Gne rides traduction

Nick suggests that it be combined with assal horizontology.A variant of baseball, but without a ball, offered at Springfield Elementary while the school's only ball was being repaired.Presumably, he means lying down - or more likely, sitting on your ass in an almost horizontal position.Marge's pronunciation of "alcohol" in "There's No Disgrace Like Home" and "The War of the Simpsons".In Japan he is supposedly thought to live on the Moon. Nick Riviera in "King-Size Homer." Homer Simpson tries to gain weight to get on workers' compensation.(From the episode "The Itchy & Scratchy & Poochie Show".) This is a term used by Patty and Selma to denigrate Homer.It is a play on "brother-in-law", and the fact that Homer is fat.Used in "The Wettest Stories Ever Told," when Ned Flanders is knocked unconscious by Homer's bowling ball from the roof. Coined by Ned Flanders in "I'm Goin' to Praiseland." The phrase might also be intended as a play on letter grading from A-musement to B-musement. Whereas "B-musement" suggests the park is second rate and explains his strong spoken emphasis of the letter "b", "bemusement" suggests the attendees simply fail to understand the religious park's message.The fictitious translation of Santa Claus's supposed name in Japanese.The following is presented, then, as a glossary of words or phrases invented by the show which one or more characters use in regular speech, as though intended as real terms.Possible also that he means to gain so much weight causing Homer's ass to expand horizontally Kent Brockman's conflation of the words avoidance and evasion in "Bart the Fink." When corrected through his earpiece, Brockman responds to them on-air: "I don't say evasion, I say avoision." This is a reference to a William Shatner outtake where he argues with his director over "sabotage": "You say sabotage. The term avoision originated in the literature of the anti-taxation movement in the U. in the 1970s; it was coined to get around laws against advocating or providing advice relating to tax evasion. In the episode "Home Away from Homer", Lisa listens to a radio program on obscure music, and hears the host refer to a guest as a banjoologist, using "-ology" as the suffix for the study of a subject (or sometimes the subject itself, although this is technically incorrect).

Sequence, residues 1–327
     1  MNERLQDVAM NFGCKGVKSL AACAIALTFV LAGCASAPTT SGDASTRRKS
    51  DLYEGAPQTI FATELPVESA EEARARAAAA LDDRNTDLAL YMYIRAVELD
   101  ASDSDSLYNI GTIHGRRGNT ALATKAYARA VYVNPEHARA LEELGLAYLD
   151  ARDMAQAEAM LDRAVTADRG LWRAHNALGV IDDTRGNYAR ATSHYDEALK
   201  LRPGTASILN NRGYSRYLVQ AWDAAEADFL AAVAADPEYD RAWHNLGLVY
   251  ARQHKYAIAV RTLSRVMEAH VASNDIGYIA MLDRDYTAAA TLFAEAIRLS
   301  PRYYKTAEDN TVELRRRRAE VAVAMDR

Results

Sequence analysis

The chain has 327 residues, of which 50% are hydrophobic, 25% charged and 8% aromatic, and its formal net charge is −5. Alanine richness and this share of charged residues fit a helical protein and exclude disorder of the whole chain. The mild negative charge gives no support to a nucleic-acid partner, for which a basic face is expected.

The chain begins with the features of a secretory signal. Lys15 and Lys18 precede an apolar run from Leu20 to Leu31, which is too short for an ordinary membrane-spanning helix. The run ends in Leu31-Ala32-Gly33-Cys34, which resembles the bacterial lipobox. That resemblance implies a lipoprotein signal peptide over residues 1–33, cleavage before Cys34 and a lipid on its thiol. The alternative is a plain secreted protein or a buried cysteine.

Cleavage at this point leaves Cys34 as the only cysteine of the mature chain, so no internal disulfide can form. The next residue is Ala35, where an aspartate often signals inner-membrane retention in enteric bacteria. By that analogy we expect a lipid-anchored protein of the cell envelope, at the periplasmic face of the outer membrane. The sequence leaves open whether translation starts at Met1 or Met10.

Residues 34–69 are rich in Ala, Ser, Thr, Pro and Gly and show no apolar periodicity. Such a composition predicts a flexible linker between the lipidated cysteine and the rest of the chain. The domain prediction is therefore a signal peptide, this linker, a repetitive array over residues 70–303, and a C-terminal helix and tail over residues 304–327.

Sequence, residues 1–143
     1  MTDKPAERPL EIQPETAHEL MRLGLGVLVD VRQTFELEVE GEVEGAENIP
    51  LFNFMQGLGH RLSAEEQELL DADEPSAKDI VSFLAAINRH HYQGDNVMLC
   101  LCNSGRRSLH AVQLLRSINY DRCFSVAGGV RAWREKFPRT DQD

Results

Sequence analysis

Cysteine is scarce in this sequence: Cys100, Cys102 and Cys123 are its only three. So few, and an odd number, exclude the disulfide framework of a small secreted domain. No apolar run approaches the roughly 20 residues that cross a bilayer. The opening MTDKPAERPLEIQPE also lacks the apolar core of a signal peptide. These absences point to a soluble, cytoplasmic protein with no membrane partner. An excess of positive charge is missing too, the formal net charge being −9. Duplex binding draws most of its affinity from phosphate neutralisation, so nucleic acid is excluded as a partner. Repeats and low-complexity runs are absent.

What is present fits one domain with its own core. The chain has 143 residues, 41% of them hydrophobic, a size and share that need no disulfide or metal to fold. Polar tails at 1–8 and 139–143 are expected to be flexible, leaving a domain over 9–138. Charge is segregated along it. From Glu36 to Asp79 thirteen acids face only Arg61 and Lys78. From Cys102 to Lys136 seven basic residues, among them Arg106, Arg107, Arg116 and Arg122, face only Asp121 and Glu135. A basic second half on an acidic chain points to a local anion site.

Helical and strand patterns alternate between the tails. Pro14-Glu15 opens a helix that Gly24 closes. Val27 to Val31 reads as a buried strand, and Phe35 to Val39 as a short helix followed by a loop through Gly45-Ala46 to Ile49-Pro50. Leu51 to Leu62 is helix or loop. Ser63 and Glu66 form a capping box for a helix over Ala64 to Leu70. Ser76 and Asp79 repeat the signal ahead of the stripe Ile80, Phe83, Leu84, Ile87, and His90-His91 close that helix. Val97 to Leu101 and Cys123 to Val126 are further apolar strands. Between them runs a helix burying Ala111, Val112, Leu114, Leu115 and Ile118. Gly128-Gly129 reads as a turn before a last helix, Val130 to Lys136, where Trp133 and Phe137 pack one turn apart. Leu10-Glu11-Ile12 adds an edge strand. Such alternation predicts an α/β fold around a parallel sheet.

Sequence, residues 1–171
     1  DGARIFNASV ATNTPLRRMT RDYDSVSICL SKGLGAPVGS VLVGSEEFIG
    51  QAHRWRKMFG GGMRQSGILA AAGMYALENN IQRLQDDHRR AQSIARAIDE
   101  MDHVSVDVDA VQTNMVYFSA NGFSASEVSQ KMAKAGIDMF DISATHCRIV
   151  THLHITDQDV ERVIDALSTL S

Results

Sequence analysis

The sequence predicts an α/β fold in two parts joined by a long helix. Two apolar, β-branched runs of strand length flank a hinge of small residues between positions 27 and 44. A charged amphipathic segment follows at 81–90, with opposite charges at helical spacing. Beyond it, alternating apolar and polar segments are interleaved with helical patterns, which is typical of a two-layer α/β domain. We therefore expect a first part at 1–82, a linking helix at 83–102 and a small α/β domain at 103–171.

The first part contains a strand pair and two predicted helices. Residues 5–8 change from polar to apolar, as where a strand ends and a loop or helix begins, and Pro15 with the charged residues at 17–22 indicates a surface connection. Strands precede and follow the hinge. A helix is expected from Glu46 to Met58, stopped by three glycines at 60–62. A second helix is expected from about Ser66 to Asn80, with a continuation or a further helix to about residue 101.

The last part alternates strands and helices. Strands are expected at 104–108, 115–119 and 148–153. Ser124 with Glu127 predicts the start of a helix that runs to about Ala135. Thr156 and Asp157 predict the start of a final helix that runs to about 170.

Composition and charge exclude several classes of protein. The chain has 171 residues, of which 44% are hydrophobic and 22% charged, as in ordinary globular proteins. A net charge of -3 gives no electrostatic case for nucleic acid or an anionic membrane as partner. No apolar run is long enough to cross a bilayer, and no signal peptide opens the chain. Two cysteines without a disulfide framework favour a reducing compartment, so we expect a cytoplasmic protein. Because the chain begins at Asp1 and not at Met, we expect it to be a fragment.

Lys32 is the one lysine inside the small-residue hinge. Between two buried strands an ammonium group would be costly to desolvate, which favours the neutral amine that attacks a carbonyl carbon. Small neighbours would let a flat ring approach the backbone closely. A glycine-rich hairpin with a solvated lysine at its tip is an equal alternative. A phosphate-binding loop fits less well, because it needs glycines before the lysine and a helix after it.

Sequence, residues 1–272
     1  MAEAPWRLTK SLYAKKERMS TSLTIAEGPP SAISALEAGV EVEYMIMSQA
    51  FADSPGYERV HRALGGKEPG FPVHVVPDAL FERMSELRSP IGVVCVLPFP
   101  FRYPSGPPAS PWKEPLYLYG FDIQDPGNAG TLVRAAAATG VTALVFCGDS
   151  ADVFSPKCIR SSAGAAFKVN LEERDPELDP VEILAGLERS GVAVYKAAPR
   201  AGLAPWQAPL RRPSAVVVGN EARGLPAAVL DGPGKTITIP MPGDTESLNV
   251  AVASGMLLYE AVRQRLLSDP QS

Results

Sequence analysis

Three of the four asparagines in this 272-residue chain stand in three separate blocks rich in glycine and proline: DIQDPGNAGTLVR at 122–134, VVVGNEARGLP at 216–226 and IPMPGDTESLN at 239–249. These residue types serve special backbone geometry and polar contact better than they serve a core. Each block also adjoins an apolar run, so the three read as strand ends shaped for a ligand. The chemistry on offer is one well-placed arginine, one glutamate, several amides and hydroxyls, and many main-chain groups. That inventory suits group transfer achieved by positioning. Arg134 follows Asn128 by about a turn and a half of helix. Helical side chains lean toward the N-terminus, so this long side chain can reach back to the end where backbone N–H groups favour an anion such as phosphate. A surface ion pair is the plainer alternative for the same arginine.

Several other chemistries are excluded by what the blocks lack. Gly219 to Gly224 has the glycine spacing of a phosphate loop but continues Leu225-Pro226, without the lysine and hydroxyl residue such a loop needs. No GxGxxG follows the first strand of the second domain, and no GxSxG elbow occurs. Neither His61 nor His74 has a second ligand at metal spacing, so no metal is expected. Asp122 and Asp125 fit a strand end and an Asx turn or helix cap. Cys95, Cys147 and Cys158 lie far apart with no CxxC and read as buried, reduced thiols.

Used by Principal Skinner in "My Big Fat Geek Wedding." Mr. Used by Professor John Frink as part of his pseudo-scientific jargon, merely as a more complicated verb form of "begin".The Simpsons has used and coined many neologisms for humorous effect, many of which are only used once.A person or organisation who tries to get sympathy with the public.For those that have found their way into regular and common use, the route passes through the considerable fan-base where use of these words carries the prestige of pop-culture literacy among those who catch the references, just as among other cultural groups a clever parallel to a well-known phrase from the literary or rhetorical canon would be acknowledged.Its use appears in the "Treehouse of Horror XV" short In the Belly of the Boss: Bumped on the head.